What Is A Vasovasostomy?
A vasovasostomy is a type of micro-surgery performed by a urologist that is used to reverse a vasectomy. This procedure involves making a small incision in the scrotum that allows the surgeon to locate and reconnect the vas deferens (the tubes that carry sperm from the testicles which are cut and closed off during a vasectomy).
Men who have had a vasectomy can often regain fertility by having a vasovasostomy. The success rate for sperm being present in the semen again after a vasovasostomy is approximately 85%, and the and the pregnancy rate following the procedure is around 53%.
This procedure is also used to relieve pain experienced by some men who have had a vasectomy (commonly referred to as post-vasectomy pain). It is important to note that a vasovasostomy should not to be confused with a vasoepididymostomy, which is another type of procedure used to reverse a vasectomy.
Vasoepididymostomies are a more complex type of surgery compared to vasovasostomies. This procedure is used when the epididymis (which stores sperm) has a blockage, or in other situations where a vasovasostomy might not work.
Before the actual surgery begins and the surgeon is able to determine if sperm is still present in the vas deferens, there is no way be certain which procedure you will need to undergo.
Continue reading to learn more about the vasovasostomy procedure, its side effects, and potential results from undergoing a vasovasostomy.
Before The Surgery
To ensure you are a suitable candidate for surgery, your healthcare provider will ask about your medical history and perform a physical exam. Additionally, you should gather correct information about the date of your vasectomy and how long it has been since you had the procedure.
Also, if you have had any penile or scrotal surgery, be sure to let your doctor know. Your healthcare provider will also ask about your reproductive history, including if you’ve ever had children or previous pregnancies, and at what age.
If the goal for having a vasovasostomy is to father children, your healthcare provider may recommend that your partner be tested to determine if she’s still producing eggs. Your doctor might also recommend that you have a testicular biopsy if you were infertile prior to having a vasectomy.
The testicular biopsy (which involves the removal of a little tissue from your testicles for testing) may be performed one day prior to your vasovasostomy, or at the start of the procedure.
During The Procedure
A vasovasostomy typically takes between 2-4 hours. However, it is possible to take longer if the procedure is more complicated. It also depends on the skill of the surgeon who is performing the surgery. It is possible to expect to spend some time filling in consent forms.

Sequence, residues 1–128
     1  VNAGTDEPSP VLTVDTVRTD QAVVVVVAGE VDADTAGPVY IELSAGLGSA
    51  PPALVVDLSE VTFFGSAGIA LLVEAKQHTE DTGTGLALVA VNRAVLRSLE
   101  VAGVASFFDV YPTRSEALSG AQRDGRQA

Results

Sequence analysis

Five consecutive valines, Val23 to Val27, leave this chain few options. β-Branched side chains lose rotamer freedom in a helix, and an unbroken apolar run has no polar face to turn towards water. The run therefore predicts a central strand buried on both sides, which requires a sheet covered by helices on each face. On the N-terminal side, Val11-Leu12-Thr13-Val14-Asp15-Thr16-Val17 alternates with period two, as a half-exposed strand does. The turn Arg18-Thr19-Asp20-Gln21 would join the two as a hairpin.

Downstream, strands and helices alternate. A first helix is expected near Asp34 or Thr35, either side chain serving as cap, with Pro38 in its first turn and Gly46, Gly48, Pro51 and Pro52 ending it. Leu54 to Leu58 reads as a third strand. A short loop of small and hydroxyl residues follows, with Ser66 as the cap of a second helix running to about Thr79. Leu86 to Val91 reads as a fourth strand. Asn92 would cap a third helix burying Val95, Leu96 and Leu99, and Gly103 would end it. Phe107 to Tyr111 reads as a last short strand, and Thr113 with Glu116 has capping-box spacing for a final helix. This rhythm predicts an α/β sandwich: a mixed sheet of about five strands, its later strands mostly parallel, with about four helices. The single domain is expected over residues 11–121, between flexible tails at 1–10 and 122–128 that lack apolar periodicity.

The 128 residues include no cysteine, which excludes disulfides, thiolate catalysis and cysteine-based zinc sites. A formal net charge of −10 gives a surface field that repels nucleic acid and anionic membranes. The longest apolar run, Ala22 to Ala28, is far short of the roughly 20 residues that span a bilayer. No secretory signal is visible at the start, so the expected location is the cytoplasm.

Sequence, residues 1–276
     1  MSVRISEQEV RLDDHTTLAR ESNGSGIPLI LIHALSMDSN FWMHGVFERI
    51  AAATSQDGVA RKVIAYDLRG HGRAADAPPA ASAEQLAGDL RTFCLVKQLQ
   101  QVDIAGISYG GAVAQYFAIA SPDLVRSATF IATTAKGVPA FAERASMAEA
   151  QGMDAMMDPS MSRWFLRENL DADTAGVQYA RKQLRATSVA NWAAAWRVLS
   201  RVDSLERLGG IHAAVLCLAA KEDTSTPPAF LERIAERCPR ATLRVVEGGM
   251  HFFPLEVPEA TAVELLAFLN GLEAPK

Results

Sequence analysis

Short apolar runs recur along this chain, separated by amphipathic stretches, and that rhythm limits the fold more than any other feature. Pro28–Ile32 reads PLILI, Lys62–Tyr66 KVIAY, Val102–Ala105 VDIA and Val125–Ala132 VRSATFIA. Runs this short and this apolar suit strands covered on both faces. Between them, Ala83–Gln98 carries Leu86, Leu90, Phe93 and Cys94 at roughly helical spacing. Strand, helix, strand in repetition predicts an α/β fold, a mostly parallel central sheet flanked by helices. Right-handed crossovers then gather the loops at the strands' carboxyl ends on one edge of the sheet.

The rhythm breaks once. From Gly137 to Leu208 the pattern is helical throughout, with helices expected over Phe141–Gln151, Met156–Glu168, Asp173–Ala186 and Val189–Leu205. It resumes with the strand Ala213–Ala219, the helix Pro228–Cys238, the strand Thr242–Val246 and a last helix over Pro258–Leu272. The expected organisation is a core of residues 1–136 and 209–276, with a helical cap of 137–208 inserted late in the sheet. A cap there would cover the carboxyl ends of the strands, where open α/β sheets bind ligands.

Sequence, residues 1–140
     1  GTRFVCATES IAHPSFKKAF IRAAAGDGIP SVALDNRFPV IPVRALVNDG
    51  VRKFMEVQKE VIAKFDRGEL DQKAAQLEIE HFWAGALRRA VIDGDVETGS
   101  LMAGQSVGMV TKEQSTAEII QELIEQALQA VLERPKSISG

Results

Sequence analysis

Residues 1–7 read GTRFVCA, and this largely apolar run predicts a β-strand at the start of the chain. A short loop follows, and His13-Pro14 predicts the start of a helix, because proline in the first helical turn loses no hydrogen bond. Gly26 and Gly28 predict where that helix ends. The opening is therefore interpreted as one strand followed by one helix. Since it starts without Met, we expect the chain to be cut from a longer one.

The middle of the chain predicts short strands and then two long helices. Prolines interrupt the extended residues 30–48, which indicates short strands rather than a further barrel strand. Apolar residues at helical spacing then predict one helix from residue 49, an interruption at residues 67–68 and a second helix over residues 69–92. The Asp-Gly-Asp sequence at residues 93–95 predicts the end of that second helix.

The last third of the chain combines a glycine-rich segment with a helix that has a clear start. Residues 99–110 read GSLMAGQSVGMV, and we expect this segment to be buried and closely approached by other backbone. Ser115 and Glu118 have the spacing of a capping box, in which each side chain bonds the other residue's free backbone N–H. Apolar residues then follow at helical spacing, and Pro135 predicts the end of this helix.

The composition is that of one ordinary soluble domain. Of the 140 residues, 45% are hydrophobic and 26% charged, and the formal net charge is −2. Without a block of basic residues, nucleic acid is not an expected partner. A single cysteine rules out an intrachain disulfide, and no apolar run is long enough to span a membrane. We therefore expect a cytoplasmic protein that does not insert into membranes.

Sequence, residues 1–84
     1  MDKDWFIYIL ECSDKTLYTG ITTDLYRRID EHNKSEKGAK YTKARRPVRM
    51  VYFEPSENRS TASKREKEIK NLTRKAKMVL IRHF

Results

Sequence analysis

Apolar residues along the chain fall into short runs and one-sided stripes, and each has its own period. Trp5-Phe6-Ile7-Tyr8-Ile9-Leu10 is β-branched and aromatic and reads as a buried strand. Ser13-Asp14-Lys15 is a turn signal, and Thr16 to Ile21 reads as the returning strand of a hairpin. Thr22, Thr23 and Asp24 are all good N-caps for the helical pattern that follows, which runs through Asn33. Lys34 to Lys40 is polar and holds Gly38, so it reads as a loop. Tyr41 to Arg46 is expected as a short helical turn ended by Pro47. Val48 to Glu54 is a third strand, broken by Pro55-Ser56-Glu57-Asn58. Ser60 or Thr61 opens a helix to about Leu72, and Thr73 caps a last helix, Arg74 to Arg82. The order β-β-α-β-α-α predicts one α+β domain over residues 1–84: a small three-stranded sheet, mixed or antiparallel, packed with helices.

The vasovasostomy procedure is performed on an outpatient basis at the hospital or in a surgery center. You can usually return home the same day.
Most vasovasostomies are performed under general anesthesia, meaning you will be asleep during the surgery.
After you have received the anesthetic, the surgeon will make a small incision in your scrotum and then locate your vas deferens using an advanced operating microscope. With the aid of this sophisticated microscope, the surgeon can get a clear and detailed view of the area in order to make tiny, exact incisions and stitching.
The surgeon will then trim off the ends of the vas deferens that were cut and closed off from the vasectomy. The vasal fluid from the vas deferens opening that is closest to your testicles will then be tested for sperm.
Once sperm are determined to be present, the surgeon will continue with the vasovasostomy. At this point, the cut ends of the vas deferens will be reattached using tiny stitches.
However, if no sperm is detected, the surgeon will make a determination based on other factors and could decide to perform a vasoepididymostomy instead.
Following The Procedure
Bandages may be used to cover the area of surgery following the procedure. You may experience some pain, swelling and discomfort as the anesthesia wears off, but it shouldn’t be too severe.
Most likely, you will be prescribed painkillers to ease the pain. You may be advised by your doctor to wear support clothing such as a jockstrap for up to several weeks.
After resting for two or three days, you will be OK to resume light activities. Ask your doctor when you can resume work if your job involves strenuous or heavy labor.
Talk to your doctor about when it is appropriate to remove the bandages and discontinue wearing the scrotal support. He or she may also advise you to refrain from having sex for a couple of weeks.
You can expect to have some mild pain or discomfort following surgery, which is normal. This should subside within a few days to a few weeks at most. To help with this, you will be prescribed painkillers.
Some swelling is also normal and should subside within 1-2 weeks. You should contact your doctor if your pain becomes severe or you have swelling that persists for more than a few weeks.
Having a vasovasostomy is relatively safe and has few risks. Even so, it is still possible to experience the some of the following problems after the surgery:
- Persistent pain
- Hematoma (caused by bleeding in the scrotum that pools under the skin).
- Blockage or strictures of the vas deferens
You should notify your doctor right away if you experience any persistent pain, swelling and/or bleeding.
It can take several months, or even as long as a year or more for sperm to be present again in your semen and your partner to become pregnant. After 2-3 months following the procedure, you will be asked to give a semen sample for analysis to check for the presences of sperm.
An additional follow-up appointment could be scheduled 4-6 months following the procedure for a further semen analysis. You may be asked to return for additional testing every 2-3 months if your sperm hasn’t yet appeared or your sperm count is low.